City Council stages a sesquicentennial seminar.
Someone who helps run Minneapolis -- say a mayor, or a council member, or a voter -- can find lessons in the city's 150-year history that are applicable today. But who will take the time to examine their city's history and learn from it?
To their credit, Mayor R.T. Rybak and members of the City Council did just that Friday. They cleared their calendars for a 90-minute seminar led by three historians whose scholarly focus has been the city that sprang up in the 1850s alongside the Falls of St. Anthony.
What's important to know?
• The law of unintended consequences runs prominently through city history -- and it hasn't been repealed, said Annette Atkins, author and professor of history at St. John's University in Collegeville. Things done for noble or gainful purpose have often produced mixed results.
For example, she said, the do-gooders who twice cleared the Gateway district of flophouses and taverns thought they were ridding downtown of a population they considered vagrant and alcoholic. In fact, they disrupted a community that, though poor, was functional. Lives were upended and, in many cases, further impoverished. The lesson: In all things, anticipate complexity.
• Minneapolis has been a city of immigrants for more than 150 years, and for all of that time, the city's humane values have been at war with its baser instincts, said Bill Green, Augsburg College associate professor and Minneapolis superintendent of schools. For example, shortly before the Civil War, Minneapolis Judge Charles Vanderburgh's ruling freeing a black former slave woman caused a near-riot in the city and its east-bank sister town, St. Anthony.
Minneapolitans shouldn't think racism is somebody else's problem. "We are America," Green said. That means "we are, as a community, human, which means we are divided by demons and angels....We must ever be vigilant," lest the demons prevail.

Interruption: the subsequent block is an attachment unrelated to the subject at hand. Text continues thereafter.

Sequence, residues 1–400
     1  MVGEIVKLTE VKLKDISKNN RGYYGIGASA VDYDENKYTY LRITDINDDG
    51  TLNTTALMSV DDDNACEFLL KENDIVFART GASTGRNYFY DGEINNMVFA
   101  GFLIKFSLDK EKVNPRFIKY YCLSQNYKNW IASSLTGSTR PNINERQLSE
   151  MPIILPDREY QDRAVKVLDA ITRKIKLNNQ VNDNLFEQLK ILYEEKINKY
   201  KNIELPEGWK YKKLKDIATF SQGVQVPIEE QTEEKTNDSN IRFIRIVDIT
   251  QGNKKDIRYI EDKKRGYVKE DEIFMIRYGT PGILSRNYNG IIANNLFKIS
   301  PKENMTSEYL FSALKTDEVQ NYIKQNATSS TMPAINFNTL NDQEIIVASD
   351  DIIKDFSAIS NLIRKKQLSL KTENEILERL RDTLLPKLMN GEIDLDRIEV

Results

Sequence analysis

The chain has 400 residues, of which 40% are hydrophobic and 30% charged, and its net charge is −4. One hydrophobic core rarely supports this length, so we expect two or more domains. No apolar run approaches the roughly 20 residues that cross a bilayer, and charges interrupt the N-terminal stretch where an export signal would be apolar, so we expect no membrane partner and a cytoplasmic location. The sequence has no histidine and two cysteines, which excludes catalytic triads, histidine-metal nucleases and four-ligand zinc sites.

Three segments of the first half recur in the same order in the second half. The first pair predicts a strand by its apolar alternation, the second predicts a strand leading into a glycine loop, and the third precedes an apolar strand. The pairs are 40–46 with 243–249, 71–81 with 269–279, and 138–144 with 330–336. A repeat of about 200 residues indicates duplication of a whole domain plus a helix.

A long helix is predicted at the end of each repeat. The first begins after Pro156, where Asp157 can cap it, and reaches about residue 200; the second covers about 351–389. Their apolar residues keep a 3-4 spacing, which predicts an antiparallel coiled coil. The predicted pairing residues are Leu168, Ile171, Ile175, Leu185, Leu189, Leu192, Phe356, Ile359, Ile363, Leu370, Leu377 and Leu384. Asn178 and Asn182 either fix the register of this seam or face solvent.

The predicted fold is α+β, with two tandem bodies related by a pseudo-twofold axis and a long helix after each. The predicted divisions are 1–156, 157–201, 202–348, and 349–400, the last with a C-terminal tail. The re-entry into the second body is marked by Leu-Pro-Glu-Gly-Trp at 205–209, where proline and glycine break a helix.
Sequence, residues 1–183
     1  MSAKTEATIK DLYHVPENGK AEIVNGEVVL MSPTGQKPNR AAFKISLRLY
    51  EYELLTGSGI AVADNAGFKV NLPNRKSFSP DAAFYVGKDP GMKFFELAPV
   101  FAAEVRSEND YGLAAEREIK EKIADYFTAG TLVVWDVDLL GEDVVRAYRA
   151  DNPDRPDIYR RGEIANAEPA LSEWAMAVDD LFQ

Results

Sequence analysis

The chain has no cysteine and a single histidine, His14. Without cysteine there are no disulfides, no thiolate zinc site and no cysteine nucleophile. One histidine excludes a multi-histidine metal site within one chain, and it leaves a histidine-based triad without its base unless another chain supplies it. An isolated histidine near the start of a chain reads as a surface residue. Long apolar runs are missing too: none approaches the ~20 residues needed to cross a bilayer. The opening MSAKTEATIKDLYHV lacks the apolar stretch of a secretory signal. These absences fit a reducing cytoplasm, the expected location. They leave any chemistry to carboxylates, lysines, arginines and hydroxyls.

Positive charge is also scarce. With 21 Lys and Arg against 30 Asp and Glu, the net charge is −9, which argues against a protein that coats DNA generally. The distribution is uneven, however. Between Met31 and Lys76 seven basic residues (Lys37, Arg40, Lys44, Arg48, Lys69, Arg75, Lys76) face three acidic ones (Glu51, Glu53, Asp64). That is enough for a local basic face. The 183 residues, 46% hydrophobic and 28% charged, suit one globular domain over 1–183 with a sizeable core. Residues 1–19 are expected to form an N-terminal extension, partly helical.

• A government structure and spirit that have invited a high level of citizen involvement have helped Minneapolis weather tough times -- and can again, said author and educator Iric Nathanson. Civic engagement "gives this city a great sense of energy," he said, and is at the foundation of a number of Minneapolis success stories.
City dwellers' participation in governing Minneapolis has helped keep downtown vital, rebuild the riverfront, and shore up public institutions, Nathanson said, exhorting city leaders to uphold that valuable tradition.
The seminar touched on much more -- Minnesota Nice's origin in anti-German sentiment during World War I; anti-Semitism's connection to segregated housing patterns; why Minneapolis is distinct from its twin, St. Paul. Things that seemed just plain fun to know were tossed around enough to reveal their relevance for today.
That's what studying history does. It's why statehood's sesquicentennial year should include many such seminars, throughout the state. Minneapolis -- whose city government turns 150 in July -- has done well to show the way.